2014 is coming to an end and I have my last dividend income report for the year. I have to admit that in the dividend income world, there are rarely negative results. It usually requires a catastrophic event or a major change in competitive abilities to impact the dividends of a company negatively. There are, obviously, exceptions to the rule but they are not the standard pattern.
While compound growth works its magic on my portfolio, the easiest way to increase my dividend income is still by investing more money which starts with saving it first. While I don’t discuss savings much, I am quite diligent in my savings goals and paying myself first. In fact, I already have my $5,500 TFSA contribution for 2015 and I also have my $5,000 RESP contribution ready for January 1. It is the first year where I am ready this early but I worked for it. It was a goal to start saving for the next year ahead of time as I want my money to work for me on the first of January as opposed to try to reach the contribution limits during the year. I can spend the rest of the year focusing on my RRSP and building the TFSA and RESP contribution for the following year.
My dividend income for December 2014 is a record-breaking $893,08! How cool is that? I don’t trade in and out of stocks and I don’t panic when the markets (and the media) go crazy. A good company will continue to sell its product and services and return money to its investors. It’s pretty simple when you aren’t looking for a get rich quick.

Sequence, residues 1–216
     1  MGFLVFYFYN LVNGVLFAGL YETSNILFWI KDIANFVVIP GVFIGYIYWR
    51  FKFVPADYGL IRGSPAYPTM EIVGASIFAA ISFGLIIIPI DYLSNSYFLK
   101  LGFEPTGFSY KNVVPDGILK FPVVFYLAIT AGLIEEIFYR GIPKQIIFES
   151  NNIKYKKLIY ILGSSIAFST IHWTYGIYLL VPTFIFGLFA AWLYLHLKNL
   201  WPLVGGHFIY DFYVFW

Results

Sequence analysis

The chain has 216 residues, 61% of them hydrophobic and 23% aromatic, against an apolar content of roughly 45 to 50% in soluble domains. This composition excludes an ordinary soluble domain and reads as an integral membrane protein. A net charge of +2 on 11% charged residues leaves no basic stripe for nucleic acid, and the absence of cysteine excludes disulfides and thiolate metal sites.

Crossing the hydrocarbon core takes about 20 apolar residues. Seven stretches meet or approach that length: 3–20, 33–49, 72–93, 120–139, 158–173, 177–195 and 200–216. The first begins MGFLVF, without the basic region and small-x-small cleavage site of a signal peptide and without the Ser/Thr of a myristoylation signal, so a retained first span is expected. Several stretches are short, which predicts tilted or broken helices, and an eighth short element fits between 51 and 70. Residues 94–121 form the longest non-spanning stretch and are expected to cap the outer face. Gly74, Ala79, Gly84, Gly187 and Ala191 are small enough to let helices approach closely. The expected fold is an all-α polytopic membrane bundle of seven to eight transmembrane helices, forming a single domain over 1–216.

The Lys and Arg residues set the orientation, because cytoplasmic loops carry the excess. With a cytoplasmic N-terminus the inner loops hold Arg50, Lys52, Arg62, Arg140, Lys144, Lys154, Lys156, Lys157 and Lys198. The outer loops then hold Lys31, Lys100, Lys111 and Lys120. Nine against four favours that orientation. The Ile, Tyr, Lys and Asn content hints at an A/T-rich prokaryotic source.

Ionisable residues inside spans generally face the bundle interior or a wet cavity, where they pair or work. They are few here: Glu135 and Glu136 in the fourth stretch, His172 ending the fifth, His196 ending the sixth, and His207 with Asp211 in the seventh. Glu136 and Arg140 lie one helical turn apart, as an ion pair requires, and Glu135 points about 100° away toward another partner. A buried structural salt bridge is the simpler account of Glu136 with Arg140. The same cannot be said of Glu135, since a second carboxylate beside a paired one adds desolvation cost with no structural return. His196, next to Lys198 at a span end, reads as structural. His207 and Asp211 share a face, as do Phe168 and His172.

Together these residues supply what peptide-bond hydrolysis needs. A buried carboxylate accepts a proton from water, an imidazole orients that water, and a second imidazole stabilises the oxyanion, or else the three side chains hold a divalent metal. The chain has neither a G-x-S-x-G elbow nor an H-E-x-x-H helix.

I believe my current diversification is serving me well in that I am not exposed to any sector by more than 15% and I have international exposure to not be tied to just one economy.
It’s interesting how you can approximate future earnings of dividend income. If you have an idea of how much you will add and what your dividend income growth will be for the year, you can estimate your future earnings. My current estimation has me earning over $10K for 2015. A number of companies have started increasing their dividends and many usually do during the first couple of quarters. An investor really only get to see the benefits of a dividend raise for 2 payments towards the end of the year. I should reach $10,500 but I am curious if I can reach $11K for next year. I will need to have some pretty aggressive saving goals.
DISCLOSURE: Please note that I may have a position in one or many of the holdings listed. For a complete list of my holdings, please see my Dividend Portfolio.